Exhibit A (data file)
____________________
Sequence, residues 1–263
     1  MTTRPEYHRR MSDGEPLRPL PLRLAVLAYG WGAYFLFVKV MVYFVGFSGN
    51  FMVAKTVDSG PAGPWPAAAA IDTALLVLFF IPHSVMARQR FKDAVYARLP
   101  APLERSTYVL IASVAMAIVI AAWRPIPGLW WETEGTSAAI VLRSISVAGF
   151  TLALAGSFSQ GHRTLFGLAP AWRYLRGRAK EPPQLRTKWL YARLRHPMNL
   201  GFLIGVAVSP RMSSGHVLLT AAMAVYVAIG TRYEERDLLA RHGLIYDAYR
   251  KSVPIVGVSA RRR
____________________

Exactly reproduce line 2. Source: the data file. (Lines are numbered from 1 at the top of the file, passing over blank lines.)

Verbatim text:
     1  MTTRPEYHRR MSDGEPLRPL PLRLAVLAYG WGAYFLFVKV MVYFVGFSGN